Hemmer applied the “Page 99 Test” to his new book, American Pendulum: Recurring Debates in U.S. Grand Strategy, and reported the following:
When I tell people that my book is about U.S. grand strategy, a typical response is, “I did not know we had one.” American Pendulum argues that such skepticism is often based on a misunderstanding of what grand strategy is and should be. Debates about America’s role or inconsistencies in its approach to different security issues should not automatically be seen as a result of strategic confusion or the lack of a grand strategy. The book examines four recurring debates in U.S. grand strategy (unilateralism versus multilateralism, defining the proper role of U.S. values in its foreign policy, prioritizing threats, and calculating whether time is on the side of the United States) and argues that U.S. foreign policy is most likely to go astray not when these debates are at their most pointed, but when the pendulum of the title swings too far in any one direction.Learn more about American Pendulum at the Cornell University Press website.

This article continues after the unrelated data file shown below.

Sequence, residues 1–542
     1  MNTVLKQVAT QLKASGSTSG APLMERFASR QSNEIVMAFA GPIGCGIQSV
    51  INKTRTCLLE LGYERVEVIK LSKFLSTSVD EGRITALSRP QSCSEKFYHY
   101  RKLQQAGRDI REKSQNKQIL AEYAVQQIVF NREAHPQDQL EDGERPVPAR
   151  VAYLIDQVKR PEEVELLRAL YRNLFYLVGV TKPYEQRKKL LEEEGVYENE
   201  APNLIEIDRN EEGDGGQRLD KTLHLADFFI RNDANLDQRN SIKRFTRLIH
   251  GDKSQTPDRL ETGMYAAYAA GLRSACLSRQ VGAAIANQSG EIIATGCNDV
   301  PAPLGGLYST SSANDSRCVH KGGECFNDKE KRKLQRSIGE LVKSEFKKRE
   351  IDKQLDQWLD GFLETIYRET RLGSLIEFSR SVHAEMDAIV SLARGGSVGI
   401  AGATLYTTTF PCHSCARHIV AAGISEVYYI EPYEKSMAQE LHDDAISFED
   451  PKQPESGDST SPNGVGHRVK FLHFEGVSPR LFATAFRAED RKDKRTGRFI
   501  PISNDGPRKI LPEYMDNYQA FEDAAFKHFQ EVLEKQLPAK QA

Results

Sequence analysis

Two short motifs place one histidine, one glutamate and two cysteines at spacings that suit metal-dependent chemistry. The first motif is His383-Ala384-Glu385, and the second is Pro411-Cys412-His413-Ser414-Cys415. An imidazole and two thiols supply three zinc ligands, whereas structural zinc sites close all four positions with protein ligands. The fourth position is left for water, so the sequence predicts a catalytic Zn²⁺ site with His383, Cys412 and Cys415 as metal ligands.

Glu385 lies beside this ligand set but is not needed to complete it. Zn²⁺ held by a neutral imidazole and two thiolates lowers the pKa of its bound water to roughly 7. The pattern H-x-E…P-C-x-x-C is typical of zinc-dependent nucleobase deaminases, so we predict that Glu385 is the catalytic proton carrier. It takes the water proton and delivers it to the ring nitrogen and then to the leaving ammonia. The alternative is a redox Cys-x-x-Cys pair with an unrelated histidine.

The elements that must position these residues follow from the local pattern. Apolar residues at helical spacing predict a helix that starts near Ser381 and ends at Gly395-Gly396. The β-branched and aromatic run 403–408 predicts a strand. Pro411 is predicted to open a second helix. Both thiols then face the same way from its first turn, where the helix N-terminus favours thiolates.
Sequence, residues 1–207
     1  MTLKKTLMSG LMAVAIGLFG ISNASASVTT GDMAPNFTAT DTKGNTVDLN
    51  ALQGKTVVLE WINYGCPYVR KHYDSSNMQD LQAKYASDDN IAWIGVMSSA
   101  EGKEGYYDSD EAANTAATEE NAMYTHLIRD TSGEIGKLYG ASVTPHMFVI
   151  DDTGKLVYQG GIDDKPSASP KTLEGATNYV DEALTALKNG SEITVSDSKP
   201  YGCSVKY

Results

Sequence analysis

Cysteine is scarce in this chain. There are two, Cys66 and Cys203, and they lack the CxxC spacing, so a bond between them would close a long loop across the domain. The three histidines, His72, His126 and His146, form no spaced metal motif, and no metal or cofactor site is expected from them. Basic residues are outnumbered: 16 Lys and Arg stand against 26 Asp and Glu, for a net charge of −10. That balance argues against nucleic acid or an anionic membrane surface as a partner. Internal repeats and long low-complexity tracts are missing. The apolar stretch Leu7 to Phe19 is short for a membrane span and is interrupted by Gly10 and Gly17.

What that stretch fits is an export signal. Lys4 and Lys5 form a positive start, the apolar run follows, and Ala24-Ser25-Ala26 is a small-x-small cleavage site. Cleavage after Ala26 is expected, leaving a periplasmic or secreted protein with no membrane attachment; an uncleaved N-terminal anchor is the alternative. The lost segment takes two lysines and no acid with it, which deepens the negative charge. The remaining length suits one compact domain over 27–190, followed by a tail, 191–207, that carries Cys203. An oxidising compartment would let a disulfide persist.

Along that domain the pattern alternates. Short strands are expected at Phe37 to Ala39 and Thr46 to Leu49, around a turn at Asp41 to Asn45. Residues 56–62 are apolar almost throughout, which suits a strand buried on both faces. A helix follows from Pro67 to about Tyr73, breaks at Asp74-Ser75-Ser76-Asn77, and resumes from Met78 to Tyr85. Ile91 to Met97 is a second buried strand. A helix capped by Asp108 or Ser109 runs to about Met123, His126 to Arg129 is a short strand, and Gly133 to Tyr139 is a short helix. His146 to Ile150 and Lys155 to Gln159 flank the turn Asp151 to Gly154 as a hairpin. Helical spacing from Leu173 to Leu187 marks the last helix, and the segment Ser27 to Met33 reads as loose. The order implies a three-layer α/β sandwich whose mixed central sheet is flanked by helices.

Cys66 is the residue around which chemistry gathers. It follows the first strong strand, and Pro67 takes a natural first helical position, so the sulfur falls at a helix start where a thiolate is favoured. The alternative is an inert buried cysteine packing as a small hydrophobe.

Page 99 grapples with Ronald Reagan’s approach to U.S. grand strategy, which provides an excellent example of the book’s overall themes. Attempting to capture Reagan’s strategy in a way that avoids the caricature of the left (that he was an amiable cipher who got lucky) and the hagiography of the right (that he was a staunch ideologue who proved the merits of conservative dogmatism), this chapter contends that it was more conciliatory parts of Reagan’s grand strategy, which were met with suspicion by those on the right, that deserve the most praise rather than the more confrontational and ideologically pure parts of Reagan’s program.
Tracing issues of continuity and change in American foreign policy is another theme and page 99 hits this, noting that the “Reagan” buildup started under Carter and that Reagan’s approach to the Soviet Union reflected, but modified, earlier debates between proponents of rollback versus containment over whether time was on the side of the United States, arguing that Reagan took an “optimistic path to rollback” where “it was the advantages of the United States that made limited rollback possible, not its weaknesses that made rollback necessary.”
Finally, the frame for page 99 is John Lewis Gaddis’s distinction between symmetrical versus asymmetrical approaches to containment, which is also an accurate reflection of the impact that his unsurpassed Strategies of Containment had on me and on the overall study of U.S. grand strategy.